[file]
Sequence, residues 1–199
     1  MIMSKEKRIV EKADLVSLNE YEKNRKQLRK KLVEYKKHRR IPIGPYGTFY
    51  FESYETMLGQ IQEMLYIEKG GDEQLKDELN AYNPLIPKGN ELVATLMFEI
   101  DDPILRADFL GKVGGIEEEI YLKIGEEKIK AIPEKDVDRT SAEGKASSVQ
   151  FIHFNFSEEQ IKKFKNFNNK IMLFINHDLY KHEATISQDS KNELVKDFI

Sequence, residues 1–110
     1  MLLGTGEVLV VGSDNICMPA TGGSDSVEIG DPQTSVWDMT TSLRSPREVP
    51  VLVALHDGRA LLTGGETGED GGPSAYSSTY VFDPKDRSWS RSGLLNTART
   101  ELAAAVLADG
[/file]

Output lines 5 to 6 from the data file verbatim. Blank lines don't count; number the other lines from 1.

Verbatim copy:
   151  FIHFNFSEEQ IKKFKNFNNK IMLFINHDLY KHEATISQDS KNELVKDFI

Sequence, residues 1–110